Updated 1pm

Two architects found guilty of involuntary homicide over the Ħamrun house collapse that killed Miriam Pace, have had their punishment increased on appeal by getting a suspended sentence instead of a fine, along with the 880 hours of community work imposed by the first court. 

Roderick Camilleri, 38 and Anthony Mangion, 74, had been also found guilty of involuntary damage to third-party property but were spared a jail sentence by the Magistrates’ Court view of their clean criminal record.

Camilleri was condemned to 480 hours of community work “to give something back to society” and a fine of €10,000.

Mangion, as site technical officer, was ordered to perform 400 hours of community work and fined €8,000.

The 54-year-old, who had two children, was buried under the rubble of her home when construction works at a site next door, brought down the family home.

Camilleri and Mangion, together with excavation contractor Ludwig Dimech and construction worker Nicholas Spiteri, subsequently pleaded not guilty to involuntary murder.

All four accused were involved in the large-scale construction project on Triq Joseph Abela Scolaro which triggered the fatal collapse on March 2, 2020.

The victim’s husband, Carmel, testified in the proceedings before the Magistrates’ Court.

“[Miriam] was highly anxious and afraid. She was resigned to living with it until the works were completed,” he explained, recalling his wife’s constant texts about the works next door and her heightened anxiety as the building project took off. 

When tragedy struck, the collapse was witnessed by one of Pace’s neighbours who later also testified in court.

That day the witness had been chatting via Facebook Messenger to her daughter, who was abroad at the time when suddenly she felt a violent tremor.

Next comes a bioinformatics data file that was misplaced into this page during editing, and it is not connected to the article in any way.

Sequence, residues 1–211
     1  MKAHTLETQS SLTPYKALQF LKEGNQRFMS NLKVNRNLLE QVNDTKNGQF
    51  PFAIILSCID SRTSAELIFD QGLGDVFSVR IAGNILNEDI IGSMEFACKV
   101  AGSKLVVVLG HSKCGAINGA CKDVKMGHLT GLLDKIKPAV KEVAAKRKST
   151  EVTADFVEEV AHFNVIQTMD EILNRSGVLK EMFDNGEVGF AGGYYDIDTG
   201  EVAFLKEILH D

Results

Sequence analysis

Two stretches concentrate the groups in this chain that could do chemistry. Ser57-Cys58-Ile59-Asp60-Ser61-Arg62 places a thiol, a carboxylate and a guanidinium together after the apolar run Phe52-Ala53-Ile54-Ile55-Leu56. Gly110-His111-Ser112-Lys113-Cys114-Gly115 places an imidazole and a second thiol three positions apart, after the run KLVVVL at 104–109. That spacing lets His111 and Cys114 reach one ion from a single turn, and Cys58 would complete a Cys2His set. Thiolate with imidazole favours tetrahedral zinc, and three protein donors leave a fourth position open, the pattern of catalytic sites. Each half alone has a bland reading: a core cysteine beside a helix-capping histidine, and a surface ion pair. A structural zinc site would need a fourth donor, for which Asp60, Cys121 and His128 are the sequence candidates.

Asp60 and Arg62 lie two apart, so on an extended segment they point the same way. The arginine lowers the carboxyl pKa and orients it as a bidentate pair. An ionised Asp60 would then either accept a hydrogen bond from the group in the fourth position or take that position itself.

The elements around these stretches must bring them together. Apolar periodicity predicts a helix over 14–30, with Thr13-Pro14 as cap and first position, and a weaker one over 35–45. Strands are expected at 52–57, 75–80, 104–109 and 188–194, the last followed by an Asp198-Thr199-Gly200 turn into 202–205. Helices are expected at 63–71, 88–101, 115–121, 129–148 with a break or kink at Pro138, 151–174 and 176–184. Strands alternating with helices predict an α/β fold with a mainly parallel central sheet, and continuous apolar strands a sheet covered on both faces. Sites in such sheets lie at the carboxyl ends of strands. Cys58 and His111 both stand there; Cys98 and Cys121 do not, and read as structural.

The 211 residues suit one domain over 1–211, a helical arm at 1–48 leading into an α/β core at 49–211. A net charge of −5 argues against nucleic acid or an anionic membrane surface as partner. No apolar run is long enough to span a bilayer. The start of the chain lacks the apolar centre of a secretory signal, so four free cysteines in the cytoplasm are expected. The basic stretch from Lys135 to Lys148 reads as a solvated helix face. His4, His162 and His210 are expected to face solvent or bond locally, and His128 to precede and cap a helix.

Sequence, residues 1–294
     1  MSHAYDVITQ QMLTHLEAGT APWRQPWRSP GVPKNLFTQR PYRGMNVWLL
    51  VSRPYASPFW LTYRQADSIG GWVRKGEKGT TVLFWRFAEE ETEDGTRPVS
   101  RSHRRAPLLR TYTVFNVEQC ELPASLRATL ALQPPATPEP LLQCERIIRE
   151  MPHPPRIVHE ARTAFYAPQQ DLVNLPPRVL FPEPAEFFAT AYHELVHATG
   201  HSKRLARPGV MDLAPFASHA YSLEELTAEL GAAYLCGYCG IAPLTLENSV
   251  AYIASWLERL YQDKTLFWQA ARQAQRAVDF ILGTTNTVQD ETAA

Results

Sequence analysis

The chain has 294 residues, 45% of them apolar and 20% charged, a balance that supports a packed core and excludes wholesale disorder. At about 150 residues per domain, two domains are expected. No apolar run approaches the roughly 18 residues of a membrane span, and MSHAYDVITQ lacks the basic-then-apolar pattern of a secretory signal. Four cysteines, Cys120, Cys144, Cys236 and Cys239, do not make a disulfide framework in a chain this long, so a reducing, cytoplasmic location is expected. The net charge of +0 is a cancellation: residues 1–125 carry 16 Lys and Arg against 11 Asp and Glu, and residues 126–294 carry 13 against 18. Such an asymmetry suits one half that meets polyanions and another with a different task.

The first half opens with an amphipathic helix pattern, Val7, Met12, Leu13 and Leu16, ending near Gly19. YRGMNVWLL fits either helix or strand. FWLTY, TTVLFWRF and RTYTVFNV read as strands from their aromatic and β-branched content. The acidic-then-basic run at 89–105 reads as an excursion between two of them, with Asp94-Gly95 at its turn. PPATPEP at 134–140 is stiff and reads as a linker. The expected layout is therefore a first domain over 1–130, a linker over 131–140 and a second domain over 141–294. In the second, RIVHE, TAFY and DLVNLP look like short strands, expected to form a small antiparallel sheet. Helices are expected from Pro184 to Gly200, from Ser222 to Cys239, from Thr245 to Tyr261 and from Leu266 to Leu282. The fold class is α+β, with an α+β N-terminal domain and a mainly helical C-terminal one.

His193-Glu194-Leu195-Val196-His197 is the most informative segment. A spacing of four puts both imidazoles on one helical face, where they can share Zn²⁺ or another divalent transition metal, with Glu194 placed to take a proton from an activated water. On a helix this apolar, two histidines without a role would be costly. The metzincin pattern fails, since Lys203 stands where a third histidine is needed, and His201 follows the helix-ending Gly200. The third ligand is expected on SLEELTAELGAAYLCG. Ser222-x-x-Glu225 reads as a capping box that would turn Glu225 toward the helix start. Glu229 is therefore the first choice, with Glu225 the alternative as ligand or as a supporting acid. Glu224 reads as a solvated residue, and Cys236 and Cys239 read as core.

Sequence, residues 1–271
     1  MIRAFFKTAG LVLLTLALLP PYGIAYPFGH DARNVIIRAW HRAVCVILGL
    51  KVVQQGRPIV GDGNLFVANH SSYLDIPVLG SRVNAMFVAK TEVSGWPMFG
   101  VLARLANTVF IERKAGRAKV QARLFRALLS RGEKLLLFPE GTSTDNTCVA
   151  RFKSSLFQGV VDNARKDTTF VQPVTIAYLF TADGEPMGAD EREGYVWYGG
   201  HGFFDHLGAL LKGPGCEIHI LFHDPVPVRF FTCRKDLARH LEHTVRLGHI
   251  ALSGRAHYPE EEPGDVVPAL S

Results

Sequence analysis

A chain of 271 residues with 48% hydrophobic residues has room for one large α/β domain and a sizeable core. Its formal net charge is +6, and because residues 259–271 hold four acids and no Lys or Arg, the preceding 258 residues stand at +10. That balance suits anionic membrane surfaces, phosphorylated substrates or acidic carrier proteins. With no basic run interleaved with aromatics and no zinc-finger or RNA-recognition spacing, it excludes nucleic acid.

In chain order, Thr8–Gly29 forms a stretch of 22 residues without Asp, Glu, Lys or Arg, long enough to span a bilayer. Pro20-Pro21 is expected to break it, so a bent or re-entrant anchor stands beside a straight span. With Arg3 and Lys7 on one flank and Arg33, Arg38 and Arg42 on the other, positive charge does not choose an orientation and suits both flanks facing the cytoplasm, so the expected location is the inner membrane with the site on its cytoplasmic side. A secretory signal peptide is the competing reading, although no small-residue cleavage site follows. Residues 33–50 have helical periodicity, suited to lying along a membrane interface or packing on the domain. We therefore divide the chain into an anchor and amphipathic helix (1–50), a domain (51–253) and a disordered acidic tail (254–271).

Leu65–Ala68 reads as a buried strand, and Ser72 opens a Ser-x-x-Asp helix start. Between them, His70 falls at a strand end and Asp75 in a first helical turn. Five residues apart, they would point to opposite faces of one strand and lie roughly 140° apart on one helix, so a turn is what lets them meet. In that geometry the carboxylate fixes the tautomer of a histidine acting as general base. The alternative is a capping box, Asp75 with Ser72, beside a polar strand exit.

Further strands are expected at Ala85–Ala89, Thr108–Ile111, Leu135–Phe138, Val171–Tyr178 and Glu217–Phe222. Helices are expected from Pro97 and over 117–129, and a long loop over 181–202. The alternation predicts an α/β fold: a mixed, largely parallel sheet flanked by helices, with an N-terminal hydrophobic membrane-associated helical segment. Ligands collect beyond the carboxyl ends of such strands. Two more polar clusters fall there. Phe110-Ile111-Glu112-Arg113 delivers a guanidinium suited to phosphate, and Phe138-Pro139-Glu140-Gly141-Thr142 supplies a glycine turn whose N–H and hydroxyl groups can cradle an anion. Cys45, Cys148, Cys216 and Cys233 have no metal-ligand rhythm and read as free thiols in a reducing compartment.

Looking out through her bedroom window, she saw her neighbour’s property fall “like a waterfall” as a second tremor left her rooted to the spot.

Both architects, as well as the Attorney General, had filed an appeal against the sentence handed to Camilleri and Mangion.

On Thursday morning, the Court of Criminal Appeal, presided over by Mr Justice Aaron Bugeja, upheld the AG’s appeal, and varied the punishment by revoking the fines and imposing a suspended jail term instead.

Camilleri was condemned to a two-year jail term suspended for two years, whilst Mangion, was condemned to a 15-month jail term suspended two years after being found guilty of having been away from the site where the construction works were taking place, a charge over which he had been acquitted by the first court.

The hours of community work in respect of both architects remained unvaried. 

Meanwhile, last year, while proceedings were still ongoing before the Magistrates’ Court, the other two accused had informed the court that they were formally objecting to having their case dealt with summarily before the Magistrates’ Courts.

This meant that they were opting instead to proceed to trial before the Criminal Court. 

Now that proceedings against the two architects have run their full course, a bill of indictment may be issued against the other two accused. 

 AG lawyers Anthony Vella, Abigail Caruana Vella and Etienne Savona handled the appeal. Lawyer Arthur Azzopardi assisted the architects. Lawyers Joe Giglio and David Bonello represented the victim’s family.  

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